Cedric Richmond: 5 Fast Facts You Need to Know

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Cedric Richmond questions Internal Revenue Service Commissioner John Koskinen during a hearing in the Rayburn House Office Building on Capitol Hill September 21, 2016 in Washington, DC. (Getty)

Congressman Cedric Richmond is under fire this week after making a sexist joke about White House Counselor Kellyanne Conway.

Richmond is a Democrat who has represented Louisiana’s 2nd congressional district since 2011. He also serves as the chairman of the Congressional Black Caucus. He is from New Orleans and has been married to his wife, Raquel Greenup, since 2015.

Here’s what you need to know about Congressman Cedric Richmond and the controversy surrounding his Kellyanne Conway joke.

1. In Reference to a Photo of Kellyanne Conway Kneeling, Richmond Said That She Looked ‘Kind of Familiar’ in That Position

Liberal Rep. Makes Vile Sexual Joke About Kellyanne 'On Her Knees'Louisiana Democrat Cedric Richmond told audience that the Trump advisor looked very ‘familiar’ in that position.2017-03-02T15:21:44.000Z

During the Washington Press Club’s annual congressional dinner on Wednesday evening, Cedric Richmond made reference to a recent photo of Kellyanne Conway in the Oval Office kneeling on the couch. She was mocked on social media for sitting in this position, which she was doing because she was taking a photo and was trying to get a good angle.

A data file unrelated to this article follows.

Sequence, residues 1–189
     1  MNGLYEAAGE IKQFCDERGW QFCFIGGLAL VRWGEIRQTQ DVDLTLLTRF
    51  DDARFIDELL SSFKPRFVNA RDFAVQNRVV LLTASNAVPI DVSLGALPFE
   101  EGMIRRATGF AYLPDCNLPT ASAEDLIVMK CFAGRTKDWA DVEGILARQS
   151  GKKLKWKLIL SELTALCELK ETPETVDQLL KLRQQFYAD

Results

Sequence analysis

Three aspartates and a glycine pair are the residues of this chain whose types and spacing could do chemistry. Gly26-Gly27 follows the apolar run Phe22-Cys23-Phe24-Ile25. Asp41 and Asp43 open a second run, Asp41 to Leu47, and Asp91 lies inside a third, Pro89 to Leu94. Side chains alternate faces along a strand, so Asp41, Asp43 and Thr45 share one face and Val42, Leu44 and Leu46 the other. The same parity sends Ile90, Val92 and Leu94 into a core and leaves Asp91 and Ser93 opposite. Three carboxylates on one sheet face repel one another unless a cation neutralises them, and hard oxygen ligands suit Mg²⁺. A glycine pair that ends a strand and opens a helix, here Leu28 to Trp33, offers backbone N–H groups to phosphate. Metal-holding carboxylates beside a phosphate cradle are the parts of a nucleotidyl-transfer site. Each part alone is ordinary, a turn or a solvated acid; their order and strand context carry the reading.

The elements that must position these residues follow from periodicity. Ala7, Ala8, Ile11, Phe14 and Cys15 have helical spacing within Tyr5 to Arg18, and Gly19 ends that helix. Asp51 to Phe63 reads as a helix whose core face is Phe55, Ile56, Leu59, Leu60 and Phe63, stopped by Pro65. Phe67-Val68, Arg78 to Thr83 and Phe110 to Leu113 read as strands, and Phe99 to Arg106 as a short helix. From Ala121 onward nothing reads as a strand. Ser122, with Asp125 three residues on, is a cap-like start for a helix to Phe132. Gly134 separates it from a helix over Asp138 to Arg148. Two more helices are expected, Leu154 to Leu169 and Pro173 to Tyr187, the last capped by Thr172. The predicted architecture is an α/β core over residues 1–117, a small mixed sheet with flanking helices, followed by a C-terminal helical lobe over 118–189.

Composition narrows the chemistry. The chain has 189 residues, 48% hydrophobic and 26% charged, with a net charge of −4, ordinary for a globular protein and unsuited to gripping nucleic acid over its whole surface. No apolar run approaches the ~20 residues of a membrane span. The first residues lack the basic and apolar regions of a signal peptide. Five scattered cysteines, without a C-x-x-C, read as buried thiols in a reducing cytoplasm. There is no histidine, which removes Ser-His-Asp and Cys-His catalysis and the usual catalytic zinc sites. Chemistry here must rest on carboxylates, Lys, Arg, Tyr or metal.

Richmond’s speech was preceded by Senator Tim Scott, who also referenced the Conway photo and made a joke about Bill Clinton’s sex scandal.

“Has anyone seen the controversy around Kellyanne Conway and the couch in the Oval Office?” Scott said, according to The Washington Post. “Come on people. You remember the ‘90s. That couch has had a whole lot of worse things.”

Moments later, Richmond made a similar joke, saying that Conway looked “very familiar” sitting in that position.

“You even mentioned Kellyanne and the picture on the sofa,” Richmond said, directing his comments towards Tim Scott. “But I really just want to know what was going on there because, you know, I won’t tell anybody. And you can just explain to me that circumstance, because she really looked kind of familiar there in that position there. But don’t answer. And I don’t want you to refer back to the ‘90s.”

The joke did not go over well in the room, and not a single laugh could be heard on the CSPAN broadcast of the event.

2. He Says the Joke Was Not Meant to be Lewd

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Cedric Richmond addresses delegates on the fourth and final day of the Democratic National Convention at Wells Fargo Center on July 28, 2016 in Philadelphia. (Getty)

Immediately after Richmond finished his remarks, an Independent Journal-Review reporter asked him if the joke was meant to be a sexual reference.

Richmond denied this was the intent of the joke, though he went on to contradict himself by suggesting that the joke was about the Bill Clinton sex scandal and would therefore have been intended to be lewd.

“Hey man, I just said she looked comfortable in that position,” Richmond told the Independent Journal-Review. “I can’t let Tim get away with making a Clinton joke without making one of my own.”

In a statement to The Washington post on Thursday morning, Richmond doubled down on his claim that he was not trying to make a sexual reference at all and that people were misinterpreting his words.